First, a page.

Sears’s Definition Of ‘In Stock’ Differs From Reality

Matt needed a new refrigerator, and he needed one quickly. Well, his tenant did, and he needed to pay for it. He saw that Sears had one available for immediate delivery, and even advertised on their site that they could help consumers out in appliance emergencies. Sweet! Only their definition of “in stock” differs from the real meaning of that term. The refrigerator isn’t in their warehouse. They can’t deliver it. They’re waiting to get more from the manufacturer, and have to leave Matt and his tenant in limbo.

That’s pretty funny. “The really fun fact is I swung by the local Sears store at the mall,” Matt noted in his e-mail to us, “and they have one on the floor and in the box.”

I’m writing in regards to Order #[redacted] for a Kenmore 18.2 cu. ft. Top-Freezer Refrigerator placed on on the night of 01/23/2013. The website listed the refrigerator as in stock for delivery to [redacted] on 01/25/2013. This availability was an important factor in my selection of for purchasing the refrigerator. I own rental units, and this refrigerator was intended to replace a failing one in a tenant’s unit. As late as last evening (6 p.m. on 01/24/2013), I received an automated phone call stating delivery would occur today (01/25/2013) between 1:50 and 3:50 p.m. Based on this, I coordinated with my tenant to access the unit and replace the refrigerator. This morning at 9:30 a.m., I received a phone call saying the refrigerator was late from the manufacturer, not in stock, and unavailable for delivery. This is in direct contradiction to the in stock availability advertised on asserted at the time of purchase.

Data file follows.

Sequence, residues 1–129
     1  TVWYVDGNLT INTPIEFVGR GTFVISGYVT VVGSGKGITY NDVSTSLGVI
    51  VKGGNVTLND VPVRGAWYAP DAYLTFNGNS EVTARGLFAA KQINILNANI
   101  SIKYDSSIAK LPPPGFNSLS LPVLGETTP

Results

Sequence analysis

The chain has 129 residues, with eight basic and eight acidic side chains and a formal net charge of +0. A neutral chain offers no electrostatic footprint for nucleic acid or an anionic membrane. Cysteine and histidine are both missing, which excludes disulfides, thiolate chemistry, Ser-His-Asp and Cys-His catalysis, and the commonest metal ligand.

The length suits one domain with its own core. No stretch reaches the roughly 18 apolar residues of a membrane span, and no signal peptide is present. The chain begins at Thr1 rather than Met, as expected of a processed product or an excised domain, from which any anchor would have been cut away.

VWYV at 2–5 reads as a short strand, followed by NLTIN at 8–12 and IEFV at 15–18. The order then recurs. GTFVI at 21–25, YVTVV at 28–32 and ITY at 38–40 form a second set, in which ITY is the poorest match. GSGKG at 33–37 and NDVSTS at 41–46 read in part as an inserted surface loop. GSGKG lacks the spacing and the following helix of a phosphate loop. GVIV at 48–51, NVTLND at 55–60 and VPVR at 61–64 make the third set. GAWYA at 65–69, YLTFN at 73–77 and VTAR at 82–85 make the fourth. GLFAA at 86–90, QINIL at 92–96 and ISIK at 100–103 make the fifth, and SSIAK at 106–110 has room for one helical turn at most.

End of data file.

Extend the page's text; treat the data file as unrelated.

While this is extremely inconvenient, I can understand how there can be complications in logistics. What has me reconsidering this and future purchases from Sears is the inability to provide any information about a timeline for delivery of the ordered refrigerator or what inventory is available for delivery. When I got the call this morning, I inquired about availability of alternative items (i.e. same item in black). No one was able to identify what items are actual in the warehouse and available for delivery (preferably on the promised 01/25/2013 between 1:50 and 3:50 p.m. schedule).

The phone order operators and website operate off the same item availability database that still claims ordered Kenmore 18.2 cu. ft. Top-Freezer Refrigerator is in stock and available for delivery (see first attached image). My order status remains in limbo, beholden to an unknown delivery schedule by a manufacturer (see second attached image). The best information that I can get is I should receive a phone call with a new delivery time in the next 24 to 48 hours. All the while, my tenant contents with a broken fridge. This contradictory information between website and warehouse inventory, coupled with a lack of any clear timeline for resolution borders on unacceptable levels.




Sears has been my preferred source for appliances, I’ve purchased 2 other refrigerators, a stove, and a microwave in the last two years, but Sears will lose this and future sales if it can’t be relied upon to provide accurate and timely inventory, order, and delivery information.

Thanks to what he’s learned from reading this site, Matt was able to send a significantly less sarcastic complaint letter than his first draft. We hope that someone pays attention to him: when you sell appliances, you don’t want to alienate a dude who owns a bunch of houses.

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